April 01, 2005
Lambda, the Ultimate Design Flaw

From Shriram Krishnamurthi, on ll1-discuss:

The Fate Of LAMBDA in PLT Scheme v300
Lambda the Ultimate Design Flaw

About 30 years ago, Scheme had FILTER and MAP courtesy of Lisp hackers who missed them from their past experience. To this collection, Scheme added a lexically-scoped, properly-functioning LAMBDA. But, despite of the PR value of anything with Guy Steele's name associated with it, we think these features should be cut from PLT Scheme v300.

We think dropping FILTER and MAP is pretty uncontroversial; (filter P S) is almost always written clearer as a DO loop (plus the LAMBDA is slower than the loop). Even more so for (map F S). In all cases, writing the equivalent imperative program is clearly beneficial.

Why drop LAMBDA? Most Scheme users are unfamiliar with Alonzo Church (indeed, they don't even know that he was related to Guy Steele), so the name is confusing; also, there is a widespread misunderstanding that LAMBDA can do things that a nested function can't -- we still recall Dan Friedman's Aha! after we showed him that there was no difference! (However, he appears to have since lapsed in his ways.) Even with a better name, we think having the two choices side-by-side just requires programmers to think about their program; not having the choice streamlines the thought process, and Scheme is designed from the ground up to, as much as possible, keep programmers from thinking at all.

I think this analysis, from LtU's coverage of Guido's plans to remove lambda, reduce(), map() and filter(), is about right:

if you want to be charitable to Guido, you could interpret his message as saying: “Look, we tried to put some functional programming tools into Python, but we ended up completely screwing them up; let's just take them all out rather than give the incorrect perception that we're a real functional programming language.”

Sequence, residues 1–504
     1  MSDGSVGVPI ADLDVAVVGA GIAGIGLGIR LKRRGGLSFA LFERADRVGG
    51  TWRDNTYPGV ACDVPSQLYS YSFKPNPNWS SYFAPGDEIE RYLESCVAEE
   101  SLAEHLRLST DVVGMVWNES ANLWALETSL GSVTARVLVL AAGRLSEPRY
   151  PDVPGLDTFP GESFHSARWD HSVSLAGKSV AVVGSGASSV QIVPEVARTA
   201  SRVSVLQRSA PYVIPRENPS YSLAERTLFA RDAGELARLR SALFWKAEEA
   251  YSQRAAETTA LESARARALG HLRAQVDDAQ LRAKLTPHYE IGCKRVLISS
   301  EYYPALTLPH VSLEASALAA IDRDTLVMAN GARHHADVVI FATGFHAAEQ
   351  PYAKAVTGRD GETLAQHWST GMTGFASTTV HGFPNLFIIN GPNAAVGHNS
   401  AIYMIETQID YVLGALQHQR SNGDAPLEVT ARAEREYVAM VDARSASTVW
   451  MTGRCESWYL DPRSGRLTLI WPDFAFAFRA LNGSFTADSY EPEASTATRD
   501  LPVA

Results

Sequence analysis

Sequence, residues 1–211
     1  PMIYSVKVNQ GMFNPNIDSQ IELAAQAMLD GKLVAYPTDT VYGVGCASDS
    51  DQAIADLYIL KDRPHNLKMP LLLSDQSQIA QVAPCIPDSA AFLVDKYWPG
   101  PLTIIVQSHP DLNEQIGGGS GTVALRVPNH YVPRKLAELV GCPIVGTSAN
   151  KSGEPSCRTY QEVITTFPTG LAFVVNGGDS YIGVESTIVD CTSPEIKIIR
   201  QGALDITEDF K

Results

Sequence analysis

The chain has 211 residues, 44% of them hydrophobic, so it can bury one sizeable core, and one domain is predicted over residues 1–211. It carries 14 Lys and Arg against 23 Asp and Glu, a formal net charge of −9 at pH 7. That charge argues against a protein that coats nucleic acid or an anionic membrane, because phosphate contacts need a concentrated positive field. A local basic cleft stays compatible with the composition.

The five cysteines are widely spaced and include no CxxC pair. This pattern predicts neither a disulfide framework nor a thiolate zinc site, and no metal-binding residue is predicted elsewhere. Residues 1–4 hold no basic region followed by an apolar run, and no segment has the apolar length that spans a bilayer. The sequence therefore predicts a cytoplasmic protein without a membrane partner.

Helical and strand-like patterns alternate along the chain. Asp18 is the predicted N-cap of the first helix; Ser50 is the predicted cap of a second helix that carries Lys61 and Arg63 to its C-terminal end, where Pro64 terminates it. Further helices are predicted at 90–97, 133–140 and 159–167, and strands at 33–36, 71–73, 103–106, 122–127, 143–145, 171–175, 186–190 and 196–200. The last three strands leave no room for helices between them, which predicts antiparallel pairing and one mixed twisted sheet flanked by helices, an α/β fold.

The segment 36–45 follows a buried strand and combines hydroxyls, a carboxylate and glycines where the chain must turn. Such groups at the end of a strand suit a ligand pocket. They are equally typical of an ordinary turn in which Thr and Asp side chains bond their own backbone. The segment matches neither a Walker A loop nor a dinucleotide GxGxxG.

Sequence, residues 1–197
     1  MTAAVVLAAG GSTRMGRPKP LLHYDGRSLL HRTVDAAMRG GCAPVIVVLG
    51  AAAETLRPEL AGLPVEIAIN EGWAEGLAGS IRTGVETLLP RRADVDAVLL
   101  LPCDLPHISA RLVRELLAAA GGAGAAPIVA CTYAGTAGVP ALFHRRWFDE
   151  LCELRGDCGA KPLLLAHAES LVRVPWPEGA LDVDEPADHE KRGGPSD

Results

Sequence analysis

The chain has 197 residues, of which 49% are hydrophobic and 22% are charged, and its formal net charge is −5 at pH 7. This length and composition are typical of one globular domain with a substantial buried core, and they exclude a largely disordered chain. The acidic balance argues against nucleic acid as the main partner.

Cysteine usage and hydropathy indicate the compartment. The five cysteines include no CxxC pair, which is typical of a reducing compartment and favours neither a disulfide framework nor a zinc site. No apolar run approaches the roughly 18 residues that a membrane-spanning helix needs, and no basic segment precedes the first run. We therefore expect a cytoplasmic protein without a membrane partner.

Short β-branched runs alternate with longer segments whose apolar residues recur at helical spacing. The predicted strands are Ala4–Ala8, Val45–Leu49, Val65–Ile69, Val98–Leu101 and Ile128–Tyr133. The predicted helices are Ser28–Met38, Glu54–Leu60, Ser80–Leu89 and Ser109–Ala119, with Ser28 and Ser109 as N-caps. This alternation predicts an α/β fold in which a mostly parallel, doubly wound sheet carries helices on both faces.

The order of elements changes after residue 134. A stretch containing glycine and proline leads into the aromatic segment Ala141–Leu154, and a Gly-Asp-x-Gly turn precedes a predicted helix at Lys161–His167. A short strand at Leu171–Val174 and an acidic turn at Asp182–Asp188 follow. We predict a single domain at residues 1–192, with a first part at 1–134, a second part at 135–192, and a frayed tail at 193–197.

Python's lambda is so restricted, intentionally and arbitrarily, that it cannot really support the ecosystem of useful higher order functions we take for granted in Lisp.

Posted by jjwiseman at April 01, 2005 12:04 AM

> Posted by jjwiseman at April 01, 2005 12:04 AM

Those 4 minutes must have been torture.

Posted by: Éibhear on April 1, 2005 06:33 AM

And I thought slashdot was bad. At least you expect it there, and its something of a horrible running joke that makes me wish I'd never heard of the god-forsaken hell hole.
This one actually had me until the mention of the DO loop. Everyone knows Scheme doesn't have loops, am i rite?

Posted by: atc on April 1, 2005 07:57 AM

had me going too

Posted by: on April 1, 2005 08:32 AM

I like the followup from Guy Steele on the LL1 list:

"This all looks very sensible to me. To alleviate one possible point of factual confusion: I am related to Alonzo Church only by marriage---he was my wife's grandmother's first cousin (IIRC)."

Posted by: Michael Hannemann on April 1, 2005 10:46 AM

nah, Scheme does have the DO loop mechanism.. which makes the joke all the more obvious if you've used it. the syntax for the DO form is about as clear as the hudson river.

Posted by: on April 1, 2005 07:20 PM

The joke is that the exact same post was made by Guido, Python's implementor three weeks ago. And it wasn't a hoax, in that case.

Posted by: on April 2, 2005 12:47 PM
Post a comment

Email Address:


Unless you answer this question, your comment will be classified as spam and will not be posted.
(I'll give you a hint: the answer is “lisp”.)


Remember info?